"Our study suggests that tumors of the appendix that have spread through the abdominal cavity all qualify as cancer," said Robert F. Bradley, M.D., principal investigator. "Previously, some of the tumors were classified as 'benign,' which we believe gives a false sense of how the tumor will behave."
Bradley, a pathology resident, and colleagues focused on 101 patients with pseudomyxoma peritonei, a rare form of cancer of the lining of the abdominal cavity. The cancer, which produces mucin, a "jelly-like" substance, usually originates in the appendix or colon and spreads to the abdominal lining. Bradley evaluated all available microscopic slides in cases proven to come from the appendix.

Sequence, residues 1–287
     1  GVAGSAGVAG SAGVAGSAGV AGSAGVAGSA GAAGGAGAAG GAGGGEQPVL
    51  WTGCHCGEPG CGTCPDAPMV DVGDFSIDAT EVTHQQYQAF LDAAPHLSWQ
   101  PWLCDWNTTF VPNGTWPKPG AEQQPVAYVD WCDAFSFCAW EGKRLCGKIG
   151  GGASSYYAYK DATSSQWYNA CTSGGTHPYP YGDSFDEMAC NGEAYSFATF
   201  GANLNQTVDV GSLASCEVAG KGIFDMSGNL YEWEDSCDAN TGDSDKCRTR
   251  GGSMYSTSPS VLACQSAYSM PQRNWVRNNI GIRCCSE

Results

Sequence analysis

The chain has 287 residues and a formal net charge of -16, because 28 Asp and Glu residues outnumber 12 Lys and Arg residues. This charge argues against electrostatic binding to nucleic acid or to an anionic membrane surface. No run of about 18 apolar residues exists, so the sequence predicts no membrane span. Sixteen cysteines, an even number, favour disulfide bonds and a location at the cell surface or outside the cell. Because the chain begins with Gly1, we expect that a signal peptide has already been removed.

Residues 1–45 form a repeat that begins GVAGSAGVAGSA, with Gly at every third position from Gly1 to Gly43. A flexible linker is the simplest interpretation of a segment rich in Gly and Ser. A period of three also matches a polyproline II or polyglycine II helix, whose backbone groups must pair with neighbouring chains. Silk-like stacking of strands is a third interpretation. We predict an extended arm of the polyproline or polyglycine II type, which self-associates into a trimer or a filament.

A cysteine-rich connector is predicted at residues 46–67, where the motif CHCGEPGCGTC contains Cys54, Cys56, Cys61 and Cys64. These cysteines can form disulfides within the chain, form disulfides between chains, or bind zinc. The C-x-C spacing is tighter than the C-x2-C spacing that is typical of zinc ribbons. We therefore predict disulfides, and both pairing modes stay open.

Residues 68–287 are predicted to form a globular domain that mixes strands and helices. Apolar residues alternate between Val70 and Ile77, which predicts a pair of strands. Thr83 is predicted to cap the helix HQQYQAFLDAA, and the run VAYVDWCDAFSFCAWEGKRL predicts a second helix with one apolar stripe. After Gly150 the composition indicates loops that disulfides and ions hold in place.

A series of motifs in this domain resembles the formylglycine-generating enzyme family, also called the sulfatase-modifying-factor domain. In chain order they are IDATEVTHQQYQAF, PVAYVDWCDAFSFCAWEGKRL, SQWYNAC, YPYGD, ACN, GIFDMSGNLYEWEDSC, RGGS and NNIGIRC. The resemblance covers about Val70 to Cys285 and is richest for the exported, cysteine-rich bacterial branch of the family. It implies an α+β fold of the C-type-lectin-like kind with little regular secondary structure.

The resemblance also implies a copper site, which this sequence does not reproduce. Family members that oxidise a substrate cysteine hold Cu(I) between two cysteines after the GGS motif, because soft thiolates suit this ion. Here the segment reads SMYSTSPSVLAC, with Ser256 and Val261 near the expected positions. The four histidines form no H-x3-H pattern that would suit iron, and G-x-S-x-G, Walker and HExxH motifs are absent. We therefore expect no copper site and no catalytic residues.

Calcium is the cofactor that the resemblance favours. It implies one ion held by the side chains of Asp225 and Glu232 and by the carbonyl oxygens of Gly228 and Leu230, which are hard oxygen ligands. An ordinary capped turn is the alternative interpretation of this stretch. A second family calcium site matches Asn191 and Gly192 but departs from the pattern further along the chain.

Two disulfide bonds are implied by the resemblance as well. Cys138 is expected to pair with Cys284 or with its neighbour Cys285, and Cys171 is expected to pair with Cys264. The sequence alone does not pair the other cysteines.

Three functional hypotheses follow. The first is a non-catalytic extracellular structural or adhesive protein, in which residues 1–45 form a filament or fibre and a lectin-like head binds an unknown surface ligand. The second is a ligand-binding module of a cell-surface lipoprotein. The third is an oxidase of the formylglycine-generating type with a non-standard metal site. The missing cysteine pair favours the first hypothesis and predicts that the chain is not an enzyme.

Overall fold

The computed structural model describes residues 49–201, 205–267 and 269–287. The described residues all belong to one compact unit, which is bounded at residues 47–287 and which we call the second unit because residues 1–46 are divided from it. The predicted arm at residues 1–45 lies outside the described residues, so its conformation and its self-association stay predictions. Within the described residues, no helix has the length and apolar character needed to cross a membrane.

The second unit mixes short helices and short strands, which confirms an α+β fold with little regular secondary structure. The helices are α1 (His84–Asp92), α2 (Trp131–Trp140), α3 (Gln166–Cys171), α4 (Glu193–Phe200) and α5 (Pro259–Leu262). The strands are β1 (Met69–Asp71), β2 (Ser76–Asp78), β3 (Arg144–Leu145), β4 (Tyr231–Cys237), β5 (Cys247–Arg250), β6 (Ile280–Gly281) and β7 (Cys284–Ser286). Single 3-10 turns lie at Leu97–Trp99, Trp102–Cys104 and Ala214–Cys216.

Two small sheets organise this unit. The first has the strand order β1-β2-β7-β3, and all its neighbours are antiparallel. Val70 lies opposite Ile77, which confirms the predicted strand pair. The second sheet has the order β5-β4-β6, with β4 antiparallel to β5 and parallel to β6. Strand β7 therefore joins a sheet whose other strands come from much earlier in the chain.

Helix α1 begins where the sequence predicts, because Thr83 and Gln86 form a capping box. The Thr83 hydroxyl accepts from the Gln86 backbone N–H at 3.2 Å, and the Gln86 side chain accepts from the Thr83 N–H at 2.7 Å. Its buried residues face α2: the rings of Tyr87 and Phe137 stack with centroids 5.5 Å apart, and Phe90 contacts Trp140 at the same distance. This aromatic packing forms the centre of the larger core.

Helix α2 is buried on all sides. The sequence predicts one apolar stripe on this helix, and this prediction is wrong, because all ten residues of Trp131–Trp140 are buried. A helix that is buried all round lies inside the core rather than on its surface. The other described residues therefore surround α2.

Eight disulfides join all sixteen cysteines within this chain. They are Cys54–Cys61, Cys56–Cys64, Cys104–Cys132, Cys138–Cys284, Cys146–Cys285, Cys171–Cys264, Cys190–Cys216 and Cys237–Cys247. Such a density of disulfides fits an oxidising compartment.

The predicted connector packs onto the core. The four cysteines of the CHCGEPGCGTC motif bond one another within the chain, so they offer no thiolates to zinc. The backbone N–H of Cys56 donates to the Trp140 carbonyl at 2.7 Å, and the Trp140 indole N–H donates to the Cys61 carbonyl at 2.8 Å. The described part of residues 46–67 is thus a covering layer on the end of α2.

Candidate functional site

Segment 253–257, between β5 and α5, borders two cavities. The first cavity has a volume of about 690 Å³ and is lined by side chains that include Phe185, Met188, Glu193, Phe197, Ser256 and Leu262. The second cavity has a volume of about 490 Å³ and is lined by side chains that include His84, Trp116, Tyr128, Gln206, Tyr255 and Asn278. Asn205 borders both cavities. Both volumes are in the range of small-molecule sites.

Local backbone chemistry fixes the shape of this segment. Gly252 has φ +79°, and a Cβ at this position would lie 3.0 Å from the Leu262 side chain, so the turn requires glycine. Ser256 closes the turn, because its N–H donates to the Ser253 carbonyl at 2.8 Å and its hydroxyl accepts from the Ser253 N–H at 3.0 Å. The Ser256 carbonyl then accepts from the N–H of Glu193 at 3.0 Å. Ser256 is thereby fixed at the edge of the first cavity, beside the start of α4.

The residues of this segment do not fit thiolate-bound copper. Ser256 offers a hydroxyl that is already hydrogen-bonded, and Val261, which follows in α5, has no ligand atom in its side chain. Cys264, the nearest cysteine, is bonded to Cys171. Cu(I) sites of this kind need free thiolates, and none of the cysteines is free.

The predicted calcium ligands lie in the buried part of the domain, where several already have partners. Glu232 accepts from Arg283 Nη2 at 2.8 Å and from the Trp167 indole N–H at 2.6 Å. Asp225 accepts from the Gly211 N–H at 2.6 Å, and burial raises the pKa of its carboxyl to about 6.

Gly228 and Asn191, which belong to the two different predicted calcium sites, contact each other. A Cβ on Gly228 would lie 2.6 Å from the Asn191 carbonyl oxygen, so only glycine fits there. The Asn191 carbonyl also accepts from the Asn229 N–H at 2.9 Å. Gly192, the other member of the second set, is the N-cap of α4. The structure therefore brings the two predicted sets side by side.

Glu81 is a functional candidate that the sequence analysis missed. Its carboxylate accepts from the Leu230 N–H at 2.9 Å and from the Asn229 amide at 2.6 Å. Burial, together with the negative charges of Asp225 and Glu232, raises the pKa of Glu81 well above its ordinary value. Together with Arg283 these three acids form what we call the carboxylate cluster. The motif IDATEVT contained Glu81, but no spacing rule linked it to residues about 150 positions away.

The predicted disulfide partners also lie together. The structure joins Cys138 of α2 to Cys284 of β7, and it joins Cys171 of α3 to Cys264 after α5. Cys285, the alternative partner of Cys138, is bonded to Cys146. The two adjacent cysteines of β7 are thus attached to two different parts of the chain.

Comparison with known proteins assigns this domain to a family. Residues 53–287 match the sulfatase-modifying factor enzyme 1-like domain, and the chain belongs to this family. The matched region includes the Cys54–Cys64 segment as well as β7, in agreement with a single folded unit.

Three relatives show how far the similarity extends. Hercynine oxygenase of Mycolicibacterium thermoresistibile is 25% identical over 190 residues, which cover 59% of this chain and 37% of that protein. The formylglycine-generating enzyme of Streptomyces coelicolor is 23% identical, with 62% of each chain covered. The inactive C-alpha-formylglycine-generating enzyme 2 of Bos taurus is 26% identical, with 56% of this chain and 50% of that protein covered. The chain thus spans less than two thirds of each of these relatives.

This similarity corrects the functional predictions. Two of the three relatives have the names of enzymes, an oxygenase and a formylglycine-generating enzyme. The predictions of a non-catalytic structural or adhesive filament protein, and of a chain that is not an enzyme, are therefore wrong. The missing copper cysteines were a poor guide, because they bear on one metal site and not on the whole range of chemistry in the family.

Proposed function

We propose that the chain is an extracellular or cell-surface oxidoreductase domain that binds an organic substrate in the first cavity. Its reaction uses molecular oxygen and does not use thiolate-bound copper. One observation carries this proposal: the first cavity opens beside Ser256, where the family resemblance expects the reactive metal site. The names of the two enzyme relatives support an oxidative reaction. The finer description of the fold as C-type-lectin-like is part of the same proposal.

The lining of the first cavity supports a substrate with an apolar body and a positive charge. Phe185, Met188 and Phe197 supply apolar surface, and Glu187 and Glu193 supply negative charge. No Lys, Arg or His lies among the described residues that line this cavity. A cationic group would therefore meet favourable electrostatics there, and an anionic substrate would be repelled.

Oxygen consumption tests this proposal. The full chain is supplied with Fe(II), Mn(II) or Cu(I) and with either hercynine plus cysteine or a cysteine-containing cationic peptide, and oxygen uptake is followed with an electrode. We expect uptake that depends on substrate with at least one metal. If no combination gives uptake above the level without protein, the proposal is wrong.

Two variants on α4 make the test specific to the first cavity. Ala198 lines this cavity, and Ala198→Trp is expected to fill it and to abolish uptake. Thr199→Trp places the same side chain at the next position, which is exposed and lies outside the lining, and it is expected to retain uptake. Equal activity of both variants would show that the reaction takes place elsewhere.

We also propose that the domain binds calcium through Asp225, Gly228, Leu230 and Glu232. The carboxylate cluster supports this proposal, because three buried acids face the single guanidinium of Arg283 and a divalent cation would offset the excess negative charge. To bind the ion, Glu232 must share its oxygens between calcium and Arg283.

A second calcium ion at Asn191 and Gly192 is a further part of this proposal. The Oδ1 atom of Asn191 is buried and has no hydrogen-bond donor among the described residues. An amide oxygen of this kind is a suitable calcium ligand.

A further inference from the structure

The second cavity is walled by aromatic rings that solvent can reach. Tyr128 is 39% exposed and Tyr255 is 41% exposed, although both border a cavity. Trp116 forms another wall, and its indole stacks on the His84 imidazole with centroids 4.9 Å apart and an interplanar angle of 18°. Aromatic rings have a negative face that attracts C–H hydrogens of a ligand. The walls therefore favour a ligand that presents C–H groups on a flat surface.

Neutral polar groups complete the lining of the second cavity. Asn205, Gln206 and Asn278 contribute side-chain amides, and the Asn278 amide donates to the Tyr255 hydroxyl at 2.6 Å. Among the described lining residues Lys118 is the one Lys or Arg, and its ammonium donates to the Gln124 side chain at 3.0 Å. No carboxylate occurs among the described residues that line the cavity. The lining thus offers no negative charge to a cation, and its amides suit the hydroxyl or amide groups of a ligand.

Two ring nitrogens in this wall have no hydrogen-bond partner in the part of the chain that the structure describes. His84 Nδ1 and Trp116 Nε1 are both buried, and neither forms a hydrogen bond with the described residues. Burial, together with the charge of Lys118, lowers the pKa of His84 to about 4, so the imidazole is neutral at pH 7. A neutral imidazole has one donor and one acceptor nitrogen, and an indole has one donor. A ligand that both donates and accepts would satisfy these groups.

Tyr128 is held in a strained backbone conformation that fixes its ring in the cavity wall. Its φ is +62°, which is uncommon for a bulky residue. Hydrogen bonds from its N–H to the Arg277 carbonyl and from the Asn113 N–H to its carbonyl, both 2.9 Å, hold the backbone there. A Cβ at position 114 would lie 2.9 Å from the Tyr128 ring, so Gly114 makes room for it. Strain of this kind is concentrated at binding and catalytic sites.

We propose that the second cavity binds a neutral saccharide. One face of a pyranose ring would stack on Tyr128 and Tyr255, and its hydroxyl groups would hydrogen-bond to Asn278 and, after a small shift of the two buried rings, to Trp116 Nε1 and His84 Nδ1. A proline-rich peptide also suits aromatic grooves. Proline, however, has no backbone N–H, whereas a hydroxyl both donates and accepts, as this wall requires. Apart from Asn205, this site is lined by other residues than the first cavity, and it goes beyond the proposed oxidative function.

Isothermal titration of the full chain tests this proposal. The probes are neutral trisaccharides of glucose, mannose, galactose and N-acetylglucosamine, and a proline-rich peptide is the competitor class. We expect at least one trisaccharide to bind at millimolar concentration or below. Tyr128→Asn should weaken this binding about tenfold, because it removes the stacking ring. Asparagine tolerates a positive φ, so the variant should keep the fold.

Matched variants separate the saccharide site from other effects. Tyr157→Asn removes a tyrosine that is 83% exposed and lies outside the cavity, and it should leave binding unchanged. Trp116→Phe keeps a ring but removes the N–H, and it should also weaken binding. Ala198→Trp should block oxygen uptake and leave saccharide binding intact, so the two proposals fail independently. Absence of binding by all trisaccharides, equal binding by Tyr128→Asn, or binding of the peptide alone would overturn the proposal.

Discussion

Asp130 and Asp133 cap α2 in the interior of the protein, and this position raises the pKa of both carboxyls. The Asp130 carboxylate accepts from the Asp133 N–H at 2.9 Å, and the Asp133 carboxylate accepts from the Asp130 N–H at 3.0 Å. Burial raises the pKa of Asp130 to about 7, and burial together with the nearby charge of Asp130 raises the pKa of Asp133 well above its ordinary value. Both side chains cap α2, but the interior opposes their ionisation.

Wake Forest is one of a few centers in the country that offer a combined treatment surgery to remove the tumor and then infusion of heated chemotherapy drugs into the abdominal cavity. Because it treats patients from all over the country with the disease, Wake Forest had a unique opportunity to clear up confusion about its diagnosis.
"Because it is so rare less than 0.1 percent of appendices are removed for cancer -- the disease has been plagued with controversy and confusing terminology," said Bradley.
Currently, many pathologists who study sections of the tumor after surgery classify it into three general categories: high-grade cancer, low-grade cancer, and benign. All of the patients normally receive the same treatment the grade of the tumor indicates how patients will respond.
The investigators from Wake Forest compared the diagnoses made using these three grades with patients' outcome after receiving standardized treatment. Patients i
Contact: Karen Richardson
Wake Forest University Baptist Medical Center